I have a garden. It is not the Garden of Eden, although a famous French novelist, Honoré de Balzac, described the town in which I live most of the year, and, more importantly, in which he lived for a while, as his “terrestrial paradise”. My garden is, in fact, a small, French backyard, set in a vast park – formerly the domain of a château – complemented, of course, by the indispensable Australian BBQ. I love its serenity and silence, broken only by birdsong.
Gardens, especially at dawn and at twilight, in total, absolute silence, promote reflection. In late June, before I flew South (like the geese later in the year) to enjoy four months here “On Zeee Beeech”, I spent an evening in my garden until 9:30 p.m., wondering about the origin, if not the purpose, of all this beauty. As the Sun sets behind the trees at the bottom of my garden, God becomes almost believable. Nature, evolution, could have settled for less, and been content with a minimum of variety and color. But, it, they, added a divine touch : the lavish splendor of countless species of flowers.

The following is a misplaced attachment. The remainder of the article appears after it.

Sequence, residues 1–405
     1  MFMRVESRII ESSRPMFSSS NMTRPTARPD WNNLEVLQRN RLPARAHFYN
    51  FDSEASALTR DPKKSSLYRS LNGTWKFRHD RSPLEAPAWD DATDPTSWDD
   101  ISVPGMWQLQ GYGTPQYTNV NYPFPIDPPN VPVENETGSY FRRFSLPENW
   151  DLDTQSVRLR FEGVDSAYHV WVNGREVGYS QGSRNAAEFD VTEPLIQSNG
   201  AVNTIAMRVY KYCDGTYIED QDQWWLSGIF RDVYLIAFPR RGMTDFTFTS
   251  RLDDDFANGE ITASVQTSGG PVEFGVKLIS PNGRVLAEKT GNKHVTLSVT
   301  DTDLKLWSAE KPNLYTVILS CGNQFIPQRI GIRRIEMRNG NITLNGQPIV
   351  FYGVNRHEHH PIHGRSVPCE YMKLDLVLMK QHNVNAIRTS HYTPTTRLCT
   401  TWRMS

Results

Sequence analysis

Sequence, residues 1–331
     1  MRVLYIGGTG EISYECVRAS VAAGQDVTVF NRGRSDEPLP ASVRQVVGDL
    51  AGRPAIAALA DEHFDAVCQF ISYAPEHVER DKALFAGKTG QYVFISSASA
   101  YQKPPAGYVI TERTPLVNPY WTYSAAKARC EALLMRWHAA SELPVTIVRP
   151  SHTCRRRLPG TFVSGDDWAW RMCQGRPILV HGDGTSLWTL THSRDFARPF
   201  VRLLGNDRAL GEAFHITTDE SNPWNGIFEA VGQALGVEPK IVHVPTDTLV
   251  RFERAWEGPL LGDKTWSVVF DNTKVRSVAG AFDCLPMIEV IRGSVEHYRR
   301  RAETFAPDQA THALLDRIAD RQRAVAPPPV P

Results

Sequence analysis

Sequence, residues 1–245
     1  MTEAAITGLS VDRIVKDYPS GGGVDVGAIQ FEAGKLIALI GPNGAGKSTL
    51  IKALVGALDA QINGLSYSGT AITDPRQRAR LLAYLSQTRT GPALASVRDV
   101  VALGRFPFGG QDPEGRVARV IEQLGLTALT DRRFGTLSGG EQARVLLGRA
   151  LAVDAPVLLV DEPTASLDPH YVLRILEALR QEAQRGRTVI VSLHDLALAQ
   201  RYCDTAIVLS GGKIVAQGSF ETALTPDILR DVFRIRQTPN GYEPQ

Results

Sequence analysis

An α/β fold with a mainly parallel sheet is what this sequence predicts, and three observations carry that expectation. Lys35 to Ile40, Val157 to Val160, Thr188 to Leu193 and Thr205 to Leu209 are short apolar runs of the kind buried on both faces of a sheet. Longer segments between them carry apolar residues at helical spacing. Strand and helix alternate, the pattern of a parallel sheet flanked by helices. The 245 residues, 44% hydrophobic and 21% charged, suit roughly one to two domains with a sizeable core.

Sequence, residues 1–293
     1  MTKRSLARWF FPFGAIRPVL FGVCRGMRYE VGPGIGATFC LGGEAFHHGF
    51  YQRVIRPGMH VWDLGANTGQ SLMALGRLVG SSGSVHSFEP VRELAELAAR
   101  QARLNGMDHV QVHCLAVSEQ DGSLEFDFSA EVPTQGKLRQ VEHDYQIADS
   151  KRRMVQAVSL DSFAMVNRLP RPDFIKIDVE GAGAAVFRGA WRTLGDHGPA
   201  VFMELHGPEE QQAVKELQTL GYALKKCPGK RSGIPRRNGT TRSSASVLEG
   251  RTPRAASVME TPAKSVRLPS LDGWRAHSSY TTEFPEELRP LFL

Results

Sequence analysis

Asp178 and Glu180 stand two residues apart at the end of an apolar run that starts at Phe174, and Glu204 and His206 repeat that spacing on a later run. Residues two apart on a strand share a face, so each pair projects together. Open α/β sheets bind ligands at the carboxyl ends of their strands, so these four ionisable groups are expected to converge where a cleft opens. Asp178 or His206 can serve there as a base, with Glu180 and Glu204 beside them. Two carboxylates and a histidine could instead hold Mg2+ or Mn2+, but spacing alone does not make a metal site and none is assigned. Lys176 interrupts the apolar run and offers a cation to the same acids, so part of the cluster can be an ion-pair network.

Roses, begonias, jasmin, celosia, geraniums, rhododendrons, hydrangeas, apple and cherry blossom, forsythia, tulips, dahlias make my modest garden a thing of beauty and a joy forever. Whodunit ? Did … God ?
I used to think so. Which is why I respect those who still do. I was lucky enough to “withdraw” from, to renounce dependence on, the opium of religious belief that has plagued, and still plagues, humankind. I cannot blame believers for continuing to believe. But I will keep trying to get them to see that the beauty and color of gardens are Nature’s, not God’s, way of assuring the survival of the species that make them up. Beauty is a gift of Evolution, not of God.